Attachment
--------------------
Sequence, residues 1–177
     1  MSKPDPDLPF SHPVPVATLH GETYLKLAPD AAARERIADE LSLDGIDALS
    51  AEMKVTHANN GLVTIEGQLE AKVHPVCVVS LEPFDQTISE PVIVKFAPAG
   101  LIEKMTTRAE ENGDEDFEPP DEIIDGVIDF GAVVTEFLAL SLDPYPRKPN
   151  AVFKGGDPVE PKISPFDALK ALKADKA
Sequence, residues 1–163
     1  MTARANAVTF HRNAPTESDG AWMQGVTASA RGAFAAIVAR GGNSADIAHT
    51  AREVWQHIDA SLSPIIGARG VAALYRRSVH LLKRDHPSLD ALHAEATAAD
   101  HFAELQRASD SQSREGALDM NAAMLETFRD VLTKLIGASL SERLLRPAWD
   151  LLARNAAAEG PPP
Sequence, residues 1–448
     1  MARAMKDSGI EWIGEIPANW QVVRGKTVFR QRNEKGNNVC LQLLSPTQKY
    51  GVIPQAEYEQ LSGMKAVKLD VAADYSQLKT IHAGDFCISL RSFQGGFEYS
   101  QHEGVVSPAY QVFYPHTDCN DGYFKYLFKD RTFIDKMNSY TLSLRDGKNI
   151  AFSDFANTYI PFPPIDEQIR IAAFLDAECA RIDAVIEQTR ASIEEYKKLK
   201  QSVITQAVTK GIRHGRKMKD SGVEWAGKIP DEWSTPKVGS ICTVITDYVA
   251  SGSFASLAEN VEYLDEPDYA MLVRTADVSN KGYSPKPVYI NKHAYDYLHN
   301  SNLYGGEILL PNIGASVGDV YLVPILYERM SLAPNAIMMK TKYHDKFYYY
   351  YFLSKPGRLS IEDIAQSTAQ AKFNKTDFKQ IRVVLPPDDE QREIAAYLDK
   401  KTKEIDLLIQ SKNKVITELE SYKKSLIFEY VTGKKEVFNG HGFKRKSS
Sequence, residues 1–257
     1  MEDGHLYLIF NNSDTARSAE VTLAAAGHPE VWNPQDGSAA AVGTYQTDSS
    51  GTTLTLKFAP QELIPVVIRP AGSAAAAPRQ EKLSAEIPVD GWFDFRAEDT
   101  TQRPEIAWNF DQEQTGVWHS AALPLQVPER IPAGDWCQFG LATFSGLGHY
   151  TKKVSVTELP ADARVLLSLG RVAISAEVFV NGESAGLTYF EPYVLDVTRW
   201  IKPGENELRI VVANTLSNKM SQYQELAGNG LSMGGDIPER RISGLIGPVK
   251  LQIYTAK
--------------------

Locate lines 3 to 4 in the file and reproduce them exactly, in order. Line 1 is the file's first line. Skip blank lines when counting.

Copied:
    51  AEMKVTHANN GLVTIEGQLE AKVHPVCVVS LEPFDQTISE PVIVKFAPAG
   101  LIEKMTTRAE ENGDEDFEPP DEIIDGVIDF GAVVTEFLAL SLDPYPRKPN